Washington (CNN) - There is, apparently, an "I" in Team Harold.
In his 764 word New York Times op-ed outlining his reasons for not running for the U.S. Senate in New York, former Democratic Rep. Harold Ford, Jr. used the word "I" 27 times. He averaged use of the personal pronoun about once every 28 words.
In that context, he uses the word "I" far more than he mentions "New York" (seven times), "New Yorker" (six times), "constituents" (one time) and "voters" (zero) - combined.
For reference, according to the website wordcount.org, the word "I" is the 11th most commonly used word in the English language.
(CNN) - Former Democratic congressman Harold Ford, Jr. has decided to pass on a bid to unseat Sen. Kirsten Gillibrand, D-New York.
Gillibrand was appointed last year by New York Gov. David Paterson to replace Hillary Clinton, who stepped down to become secretary of state. The Democratic establishment has lined up behind Gillibrand, effectively clearing the field of any primary challengers who might have been thinking about taking on the freshman senator.
But Ford recently emerged as a possible challenger to Gillibrand, who previously represented a congressional district in upstate New York.
The Tennessee Democrat, who moved to New York City in 2006 after losing a Senate race against Bob Corker, explained his decision not to mount a primary challenge to Gillibrand in an op-ed published on the New York Times Web site Monday.
(CNN) - As he continues to mull a potential primary bid against New York Sen. Kirsten Gillibrand, former Rep. Harold Ford, Jr. defended what appears to be his shift to the left in the four years since he ran for Senate in Tennessee.
In an appearance on Comedy Central's Colbert Report Monday, Ford specifically defended his more liberal language on the issues of abortion rights and same-sex marriage. In his 2006 Tennessee Senate bid, Ford regularly referred to himself as pro-life and said he was an opponent of allowing gays to be married.
But with respect to abortion rights, Ford maintained Monday he has always been "pro-choice" and said he used the term "pro-life" in 2006 to describe his stances on separate issues.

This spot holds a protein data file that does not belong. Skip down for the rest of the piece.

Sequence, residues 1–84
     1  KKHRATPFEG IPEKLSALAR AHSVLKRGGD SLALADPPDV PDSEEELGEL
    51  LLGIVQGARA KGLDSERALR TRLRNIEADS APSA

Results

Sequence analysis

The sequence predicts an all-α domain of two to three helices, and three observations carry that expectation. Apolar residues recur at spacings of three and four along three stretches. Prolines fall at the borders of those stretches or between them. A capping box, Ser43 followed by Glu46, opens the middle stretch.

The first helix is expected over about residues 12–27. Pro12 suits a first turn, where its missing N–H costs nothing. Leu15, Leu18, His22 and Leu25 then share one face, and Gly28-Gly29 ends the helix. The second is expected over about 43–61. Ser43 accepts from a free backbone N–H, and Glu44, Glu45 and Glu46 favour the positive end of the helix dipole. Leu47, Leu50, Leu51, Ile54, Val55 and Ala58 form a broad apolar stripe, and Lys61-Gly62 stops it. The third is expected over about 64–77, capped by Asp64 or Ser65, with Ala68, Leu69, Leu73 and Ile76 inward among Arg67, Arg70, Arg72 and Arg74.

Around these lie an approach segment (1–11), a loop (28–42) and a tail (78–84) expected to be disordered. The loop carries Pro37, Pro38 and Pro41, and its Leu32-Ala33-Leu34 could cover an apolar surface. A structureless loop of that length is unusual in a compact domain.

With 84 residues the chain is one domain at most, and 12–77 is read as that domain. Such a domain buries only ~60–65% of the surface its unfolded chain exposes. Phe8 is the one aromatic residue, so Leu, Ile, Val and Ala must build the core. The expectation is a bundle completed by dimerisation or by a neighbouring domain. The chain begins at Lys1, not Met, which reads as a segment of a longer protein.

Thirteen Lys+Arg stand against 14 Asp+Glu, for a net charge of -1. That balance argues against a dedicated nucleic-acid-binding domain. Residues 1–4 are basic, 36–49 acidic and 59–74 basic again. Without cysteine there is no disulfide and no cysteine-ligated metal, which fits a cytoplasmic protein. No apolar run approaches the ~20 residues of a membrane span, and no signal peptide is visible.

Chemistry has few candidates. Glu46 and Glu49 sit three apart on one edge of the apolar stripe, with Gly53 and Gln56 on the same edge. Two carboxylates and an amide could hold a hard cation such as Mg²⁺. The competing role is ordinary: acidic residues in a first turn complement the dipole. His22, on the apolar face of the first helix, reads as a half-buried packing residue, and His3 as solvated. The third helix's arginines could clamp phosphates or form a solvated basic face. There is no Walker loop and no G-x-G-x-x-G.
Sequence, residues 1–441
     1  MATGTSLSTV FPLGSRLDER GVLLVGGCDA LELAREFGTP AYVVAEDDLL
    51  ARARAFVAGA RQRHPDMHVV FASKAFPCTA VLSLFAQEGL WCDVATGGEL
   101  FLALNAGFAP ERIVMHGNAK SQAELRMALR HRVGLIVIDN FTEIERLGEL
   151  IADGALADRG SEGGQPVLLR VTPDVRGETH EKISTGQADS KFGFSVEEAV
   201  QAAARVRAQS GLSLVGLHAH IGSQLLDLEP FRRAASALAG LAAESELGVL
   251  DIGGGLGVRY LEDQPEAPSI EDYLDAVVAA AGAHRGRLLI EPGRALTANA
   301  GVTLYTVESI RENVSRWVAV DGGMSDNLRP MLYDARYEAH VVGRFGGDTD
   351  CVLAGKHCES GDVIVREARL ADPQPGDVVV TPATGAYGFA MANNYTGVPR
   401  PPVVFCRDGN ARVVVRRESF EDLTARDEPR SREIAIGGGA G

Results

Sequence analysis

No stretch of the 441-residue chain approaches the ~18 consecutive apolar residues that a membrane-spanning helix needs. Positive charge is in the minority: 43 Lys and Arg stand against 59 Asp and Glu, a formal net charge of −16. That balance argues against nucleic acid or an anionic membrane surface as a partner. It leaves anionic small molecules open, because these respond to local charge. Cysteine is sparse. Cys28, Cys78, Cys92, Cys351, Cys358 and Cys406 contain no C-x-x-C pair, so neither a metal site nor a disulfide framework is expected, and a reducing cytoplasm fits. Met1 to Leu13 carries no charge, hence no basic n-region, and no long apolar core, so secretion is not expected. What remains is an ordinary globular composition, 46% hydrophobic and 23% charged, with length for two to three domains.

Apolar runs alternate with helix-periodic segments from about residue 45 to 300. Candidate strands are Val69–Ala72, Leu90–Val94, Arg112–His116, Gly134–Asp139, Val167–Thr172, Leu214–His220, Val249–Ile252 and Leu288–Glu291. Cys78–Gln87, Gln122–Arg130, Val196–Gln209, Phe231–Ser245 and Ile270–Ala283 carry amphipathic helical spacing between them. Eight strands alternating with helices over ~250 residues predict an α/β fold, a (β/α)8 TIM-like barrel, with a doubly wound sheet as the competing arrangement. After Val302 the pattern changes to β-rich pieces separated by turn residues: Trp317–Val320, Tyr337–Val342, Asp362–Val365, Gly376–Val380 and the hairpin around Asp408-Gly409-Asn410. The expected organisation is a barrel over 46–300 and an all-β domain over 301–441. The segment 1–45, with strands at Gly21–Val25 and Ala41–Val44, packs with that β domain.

"When I'd walk into forums, I'd look before the audience I'd say let's tell all the people we are really the pro-life ones, we are the ones who support education, and health care, and veterans benefits," he said. "I stand by that."
Washington (CNN) - A day after New York Sen. Kirsten Gillibrand sharply criticized potential Democratic primary challenger, Harold Ford Jr., she hit him again just hours before President Obama's first State of the Union address.
"Looking forward to the #SOTU tonight," Gillibrand wrote on her Twitter account. "If HF [Harold Ford] were here, he would probably be sitting on the Republican side."
Earlier this month, Ford, a former moderate Democratic congressman from Tennessee, announced that he was considering a primary challenge to Gillibrand.
Washington (CNN) - New York Sen. Kirsten Gillibrand accused potential primary challenger Harold Ford Jr. Tuesday of being beholden to Wall Street interests, a day after he charged that she was following in lock step behind national Democratic leaders.
"I dont (sic) know who Harold Ford thinks I am, but I will not be pushed aside by him and a handful of his big banker buddies," Gillibrand said in a statement released by her campaign that described Ford's party affiliation as (I-Wall Street). "As for his childish name calling, I would not allow that kind of name calling from my 6 year old son and I certainly dont (sic) think it is appropriate for someone who says they want to be a Senator from NY. Fords attacks dont (sic) hurt me, they do hurt the people of New York by distracting us from the real economic challenges that middle class families are facing."
On Monday, Ford sharply criticized Gillibrand in a radio interview on Talk 1300 Radio in Albany. "Understand that you're not elected to the United States Senate to be a parakeet or to take instructions from the Democratic leadership," said Ford, a former Tennessee congressman now living in New York.
Earlier this month, Ford announced that he was considering a primary challenge to Gillibrand, a former congresswoman appointed by Gov. David Paterson to replace Sen. Hillary Clinton. The former first lady turned senator resigned her seat to become President Obama's Secretary of State.
Full text of statement after the jump:
(CNN) - A second straight poll of New York State voters indicates that Sen. Kirsten Gillibrand of New York holds a double digit lead over a potential Democratic challenger.
But the Siena Research Institute survey, released Monday, also indicates that more New Yorkers have an unfavorable view of Gillibrand than have a favorable view.
Former Rep. Harold Ford Jr. of Tennessee last week announced he's considering a primary challenge to Gillibrand, a former congresswoman from upstate New York who was was named a year ago to replace Sen. Hillary Clinton, who stepped down from her Senate seat after being confirmed as secretary of state.
Gillibrand is running this year to serve the final two years of Clinton's term. Ford, a former five-term congressman who narrowly lost a 2006 bid for the Senate in Tennessee, now lives in New York.
According the the Siena poll, Gillibrand leads Ford 41 to 17 percent in a hypothetical Democratic party primary match up, with 37 percent undecided. Gillibrand had a 19 point advantage over Ford in a Marist College survey released Friday, with one in three voters undecided.
But some other results in the poll also spells trouble for Gillibrand.